Dr. John Howard
Electromagnetic Technologies Industries Inc.
50 Intervale Rd.
Boonton, NJ 07005
Microstrip antennas are widely used in the wireless industry due to their high gain and low profile. Dual polarized antennas can obtain higher data rates, and a more stable link between customer and provider in telecommunications. Conventional dual polarized antennas consist of two independent elements positioned orthogonal to one another, increasing cost, size, and weight. In this paper, we will discuss the design of a dual polarized antenna array which uses dual polarized single element radiators on a very thick substrate material of various εr using probe feeding technique. An ETI patent pending feed line design is introduced to increase cross polarization rejection while scanning, further increasing the reliability of wireless communication.
Index Terms- Isolation, Square Patch, Thick Substrate, cross polarization cancellation
There are many parameters to consider when designing and constructing a microstrip antenna array on a very thick substrate. The feed method, size of the element, εr and thickness of the substrate material, and the location of the feed point are all crucial in designing a successful microstrip antenna. In this paper, the design parameters will be discussed in the design of a square dual linearly polarized array to operate from 2.4 to 2.5 GHz.
Low loss substrate material was chosen to achieve higher efficiency. Rogers 6006 .300” with εr =6.15 was initially used for the design. After some prototyping, the antenna array was heavy and efficiency versus substrate thickness was lower compared to that of a lower εr substrate. The material was switched to Taconic TLY-5 .250” with εr=2.2 for this design, but both patch sizes were redesigned. A probe feed microstrip network was used because of its simplicity, but this technique provides a narrow bandwidth due to the inductance of the probe. Equation 1 is a good estimation for probe feed inductance  where h is the substrate thickness, c and c0 are the speed of light in free space and in the dielectric material, and d is the diameter of the probe.
A thicker probe is usually desired to reduce the inductance to provide a better match for the network by reducing the radiation loss, but is more difficult to work with. The 50Ω feed location was found using Equation 2  where L is the length of the patch, X0 is the feed location from the edge, and Ω is the resistance.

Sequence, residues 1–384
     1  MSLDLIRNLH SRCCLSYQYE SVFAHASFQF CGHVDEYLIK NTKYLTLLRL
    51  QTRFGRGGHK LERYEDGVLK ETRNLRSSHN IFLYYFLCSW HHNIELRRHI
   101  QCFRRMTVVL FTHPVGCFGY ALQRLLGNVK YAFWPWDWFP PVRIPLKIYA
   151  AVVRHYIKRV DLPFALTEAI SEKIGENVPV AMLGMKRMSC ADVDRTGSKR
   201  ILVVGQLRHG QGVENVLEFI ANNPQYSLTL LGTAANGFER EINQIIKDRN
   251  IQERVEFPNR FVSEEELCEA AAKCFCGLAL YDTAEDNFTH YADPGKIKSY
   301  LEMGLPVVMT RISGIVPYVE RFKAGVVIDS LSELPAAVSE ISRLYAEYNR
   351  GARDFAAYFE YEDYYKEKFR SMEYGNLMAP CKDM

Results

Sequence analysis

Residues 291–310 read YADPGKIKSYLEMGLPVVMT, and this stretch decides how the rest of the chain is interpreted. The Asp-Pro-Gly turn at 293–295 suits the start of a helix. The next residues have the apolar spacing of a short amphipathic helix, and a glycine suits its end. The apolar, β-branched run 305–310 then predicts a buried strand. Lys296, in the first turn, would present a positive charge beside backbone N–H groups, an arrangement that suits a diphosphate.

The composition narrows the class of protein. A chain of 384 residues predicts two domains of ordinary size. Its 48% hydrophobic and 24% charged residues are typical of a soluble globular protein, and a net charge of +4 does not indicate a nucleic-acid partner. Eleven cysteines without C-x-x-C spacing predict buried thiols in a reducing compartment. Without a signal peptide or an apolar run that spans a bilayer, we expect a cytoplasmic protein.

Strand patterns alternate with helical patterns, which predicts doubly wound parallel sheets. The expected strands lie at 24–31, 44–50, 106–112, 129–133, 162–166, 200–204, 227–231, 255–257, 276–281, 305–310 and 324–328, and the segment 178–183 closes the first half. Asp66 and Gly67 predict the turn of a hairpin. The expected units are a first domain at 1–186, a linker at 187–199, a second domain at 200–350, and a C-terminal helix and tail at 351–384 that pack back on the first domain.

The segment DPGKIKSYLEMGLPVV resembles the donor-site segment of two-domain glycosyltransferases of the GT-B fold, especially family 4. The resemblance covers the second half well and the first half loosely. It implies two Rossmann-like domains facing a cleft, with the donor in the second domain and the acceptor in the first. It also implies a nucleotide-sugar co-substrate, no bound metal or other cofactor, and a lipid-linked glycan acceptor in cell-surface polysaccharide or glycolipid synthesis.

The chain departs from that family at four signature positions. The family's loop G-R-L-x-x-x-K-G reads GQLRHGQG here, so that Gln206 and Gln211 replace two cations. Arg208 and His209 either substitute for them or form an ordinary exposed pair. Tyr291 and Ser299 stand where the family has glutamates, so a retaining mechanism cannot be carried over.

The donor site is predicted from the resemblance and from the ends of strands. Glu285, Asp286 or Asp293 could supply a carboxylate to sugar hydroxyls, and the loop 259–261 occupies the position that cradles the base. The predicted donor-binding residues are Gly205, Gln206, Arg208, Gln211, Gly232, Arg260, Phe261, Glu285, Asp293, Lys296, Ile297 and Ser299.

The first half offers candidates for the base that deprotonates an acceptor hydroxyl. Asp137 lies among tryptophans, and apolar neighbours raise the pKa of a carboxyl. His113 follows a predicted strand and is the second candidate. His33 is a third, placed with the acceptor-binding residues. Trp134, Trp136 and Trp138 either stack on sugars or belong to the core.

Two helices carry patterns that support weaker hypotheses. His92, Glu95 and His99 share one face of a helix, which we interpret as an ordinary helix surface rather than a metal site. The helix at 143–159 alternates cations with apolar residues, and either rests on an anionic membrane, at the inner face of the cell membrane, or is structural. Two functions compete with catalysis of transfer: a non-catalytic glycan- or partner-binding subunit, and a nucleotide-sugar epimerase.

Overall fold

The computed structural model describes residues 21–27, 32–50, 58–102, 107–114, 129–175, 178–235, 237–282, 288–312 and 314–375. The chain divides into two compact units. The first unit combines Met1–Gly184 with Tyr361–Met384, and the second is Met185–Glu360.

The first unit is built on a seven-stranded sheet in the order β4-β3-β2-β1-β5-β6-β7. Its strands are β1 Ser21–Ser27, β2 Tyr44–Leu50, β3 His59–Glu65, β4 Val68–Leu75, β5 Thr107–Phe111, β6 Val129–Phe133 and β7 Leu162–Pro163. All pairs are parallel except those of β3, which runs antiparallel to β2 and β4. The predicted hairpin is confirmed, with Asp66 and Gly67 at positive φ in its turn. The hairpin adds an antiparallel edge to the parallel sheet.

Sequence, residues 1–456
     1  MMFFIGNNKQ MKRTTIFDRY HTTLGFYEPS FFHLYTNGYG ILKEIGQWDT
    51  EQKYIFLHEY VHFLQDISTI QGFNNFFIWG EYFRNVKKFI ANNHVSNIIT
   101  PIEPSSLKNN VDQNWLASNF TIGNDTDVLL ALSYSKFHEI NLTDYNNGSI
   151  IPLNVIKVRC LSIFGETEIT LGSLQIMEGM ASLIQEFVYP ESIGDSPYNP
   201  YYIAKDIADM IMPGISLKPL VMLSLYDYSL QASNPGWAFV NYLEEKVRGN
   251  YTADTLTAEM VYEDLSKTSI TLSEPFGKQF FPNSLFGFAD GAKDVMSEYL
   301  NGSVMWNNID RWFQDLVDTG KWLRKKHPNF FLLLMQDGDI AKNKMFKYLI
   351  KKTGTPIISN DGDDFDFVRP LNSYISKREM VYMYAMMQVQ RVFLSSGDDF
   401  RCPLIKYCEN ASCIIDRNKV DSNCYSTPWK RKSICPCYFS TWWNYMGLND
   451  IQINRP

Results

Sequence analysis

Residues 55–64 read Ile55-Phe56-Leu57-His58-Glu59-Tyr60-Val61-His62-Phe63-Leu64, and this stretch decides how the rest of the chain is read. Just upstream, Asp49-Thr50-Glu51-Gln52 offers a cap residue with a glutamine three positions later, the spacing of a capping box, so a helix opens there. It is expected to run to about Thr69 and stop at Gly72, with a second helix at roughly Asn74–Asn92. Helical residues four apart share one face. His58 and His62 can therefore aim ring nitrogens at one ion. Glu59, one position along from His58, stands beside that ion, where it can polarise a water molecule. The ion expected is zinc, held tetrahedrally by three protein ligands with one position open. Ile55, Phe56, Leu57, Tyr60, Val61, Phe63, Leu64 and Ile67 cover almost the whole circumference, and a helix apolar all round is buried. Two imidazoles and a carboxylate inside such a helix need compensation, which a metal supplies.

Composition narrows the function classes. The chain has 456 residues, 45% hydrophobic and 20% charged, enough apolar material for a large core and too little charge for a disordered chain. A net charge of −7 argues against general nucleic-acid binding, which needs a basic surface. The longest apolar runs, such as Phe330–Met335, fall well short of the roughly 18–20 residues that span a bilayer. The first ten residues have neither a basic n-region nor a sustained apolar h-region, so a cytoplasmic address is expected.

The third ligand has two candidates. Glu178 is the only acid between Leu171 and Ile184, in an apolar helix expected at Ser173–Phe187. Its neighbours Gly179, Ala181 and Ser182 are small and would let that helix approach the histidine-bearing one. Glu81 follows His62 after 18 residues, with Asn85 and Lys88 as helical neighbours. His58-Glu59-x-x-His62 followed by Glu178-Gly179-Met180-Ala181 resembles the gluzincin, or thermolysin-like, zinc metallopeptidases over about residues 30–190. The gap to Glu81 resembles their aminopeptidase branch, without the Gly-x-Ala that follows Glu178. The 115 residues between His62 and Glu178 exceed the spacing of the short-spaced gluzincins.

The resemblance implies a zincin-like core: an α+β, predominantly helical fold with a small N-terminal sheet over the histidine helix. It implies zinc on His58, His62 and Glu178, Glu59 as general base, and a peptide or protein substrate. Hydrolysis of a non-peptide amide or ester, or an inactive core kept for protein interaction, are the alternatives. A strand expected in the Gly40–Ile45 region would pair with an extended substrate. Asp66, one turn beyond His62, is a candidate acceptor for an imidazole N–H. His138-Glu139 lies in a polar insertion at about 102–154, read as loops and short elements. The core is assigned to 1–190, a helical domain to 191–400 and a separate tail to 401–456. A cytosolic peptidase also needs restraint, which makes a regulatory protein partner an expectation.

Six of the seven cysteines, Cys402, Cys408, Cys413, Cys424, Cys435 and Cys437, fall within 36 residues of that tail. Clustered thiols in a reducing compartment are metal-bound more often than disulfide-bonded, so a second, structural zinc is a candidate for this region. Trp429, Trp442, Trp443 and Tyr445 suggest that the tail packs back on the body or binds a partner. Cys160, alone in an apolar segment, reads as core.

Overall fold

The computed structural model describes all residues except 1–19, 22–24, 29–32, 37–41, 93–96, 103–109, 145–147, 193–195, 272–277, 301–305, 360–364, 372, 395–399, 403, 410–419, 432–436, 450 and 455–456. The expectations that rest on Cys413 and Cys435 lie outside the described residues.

The dimension of the square patch was difficult to determine because traditional microstrip equations are not accurate with thick substrate material. Equation 3 gives a rough estimation of the resonating frequency of a patch .
However, this equation does not take into account the thickness of the substrate material and the inductance of the probe feed. A more accurate equation that takes into account the thickness of the material is given by Equation 4 .
Using a CAD program, two patch sizes were simulated with different εr material and tuned by trial and error to the correct resonant frequency. The final patch size was of 3.83cm for εr =2.2and 2.11 cm for εr =6.15. The simulated results and experimental result are shown in Figure 1.
The actual resonant frequency was lower than the simulated results due to the inductance of the probe. The resonant frequency can be shifted up by adding capacitance to the circuit.
An experiment was conducted with a square patch element 3.94cm by 3.94 cm. A ¼” sleeve made with εr =6.15 material was experimented with to tune the antenna’s resonant frequency with a larger patch. This sleeve was put around the probe to create a capacitance to counteract the inductance of the probe. Data was taken with and without the dielectric sleeve. Figure 2 shows the measurement of the reflection coefficient of the element with and without the bushing.
The impedance match was better at resonant frequency, but the -10dB bandwidth of the element decreased slightly from 1.496 % to 1.492%, but still covered the 100MHz band.
ETI’s feed line technique (patent pending) was introduced to achieve high cross polarization rejection while scanning in elevation. The feed point location was fed 180° out of phase with the adjacent radiating element. The concept is shown in Figure 3.
The feed lines need an additional 180° phase shift in addition to the phase shift for the desired scan angle. The basic concept of this feed is while one polarization is being employed, the other polarization is cancelled. The graph in Figure 4 shows the co- and cross-polarization of the antenna without the feed technique.
The cross polarization is 9dB less at the main beam. With the feedline technique the received cross polarization was reduced by more than half. The graph in Figure 5 shows the co and cross polarization of the antenna with the feed technique.
When cancellation technique was used, isolation was increased by approximately 4dB at the main beam. This technique can be used for scanning, and non-scanning arrays to reduce cross polarization interference and produce a more stable link.
A dual polarized element antenna array was designed and constructed using probe line feed on a very thick substrate material. To achieve a better match, the reactance from the probe needs to be counter acted with a capacitance. This can be done with a sleeve of high dielectric material. Equations for the dimension of the patch found in textbooks are not as accurate as CAD software simulation in finding the resonant frequency of a microstrip antenna on very thick substrate. With the use of ETI’s patent pending feedline technique, cross polarization isolation was increased by 4dB.
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